Early Birds Have Lower Risk of Developing Depression
A recent research from the US finds that people who go to bed and wake up early have a lower risk of developing depression.
A team of researchers analyzed the relevant medical data of 32,470 female participants who were aged 55 years on average. In 2009, at the start of the study, all participants were depression-free. In the course of the study, they reported changes in their health in questionnaires after 2 years.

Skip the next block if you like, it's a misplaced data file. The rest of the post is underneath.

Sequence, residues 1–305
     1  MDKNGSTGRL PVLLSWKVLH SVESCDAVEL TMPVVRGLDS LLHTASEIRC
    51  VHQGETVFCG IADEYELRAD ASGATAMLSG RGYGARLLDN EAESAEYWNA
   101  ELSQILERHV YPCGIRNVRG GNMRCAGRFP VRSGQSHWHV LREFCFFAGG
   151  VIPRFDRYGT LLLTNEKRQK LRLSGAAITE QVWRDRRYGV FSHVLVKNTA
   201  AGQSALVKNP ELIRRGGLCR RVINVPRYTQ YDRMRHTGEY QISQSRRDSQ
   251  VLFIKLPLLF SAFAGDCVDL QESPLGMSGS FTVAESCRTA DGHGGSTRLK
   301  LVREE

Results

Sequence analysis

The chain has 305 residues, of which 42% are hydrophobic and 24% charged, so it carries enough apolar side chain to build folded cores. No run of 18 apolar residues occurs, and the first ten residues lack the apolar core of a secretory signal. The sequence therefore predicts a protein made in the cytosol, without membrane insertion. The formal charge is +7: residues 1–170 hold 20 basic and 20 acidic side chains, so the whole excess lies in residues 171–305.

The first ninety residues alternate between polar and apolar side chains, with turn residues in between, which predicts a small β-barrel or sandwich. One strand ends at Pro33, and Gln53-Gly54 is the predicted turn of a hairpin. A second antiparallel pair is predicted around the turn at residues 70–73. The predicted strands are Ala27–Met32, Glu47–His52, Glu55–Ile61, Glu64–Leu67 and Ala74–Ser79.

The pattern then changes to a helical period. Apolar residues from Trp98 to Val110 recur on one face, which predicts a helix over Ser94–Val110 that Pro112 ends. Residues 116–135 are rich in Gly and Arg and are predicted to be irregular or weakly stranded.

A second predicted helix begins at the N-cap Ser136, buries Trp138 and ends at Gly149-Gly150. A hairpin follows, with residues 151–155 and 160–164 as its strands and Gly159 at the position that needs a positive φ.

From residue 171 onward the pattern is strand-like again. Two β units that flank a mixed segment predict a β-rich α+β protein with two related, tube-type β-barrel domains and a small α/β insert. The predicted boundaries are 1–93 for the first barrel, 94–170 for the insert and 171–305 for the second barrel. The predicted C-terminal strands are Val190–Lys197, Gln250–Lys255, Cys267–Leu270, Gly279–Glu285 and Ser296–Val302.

Having analyzed the gathered data, the team concluded that early birds had a 12–27% lower risk of depression than other participants.
Lead study author Céline Vetter says: “Alternatively, when and how much light you get also influences chronotype, and light exposure also influences depression risk. Disentangling the contribution of light patterns and genetics on the link between chronotype and depression risk is an important next step.”
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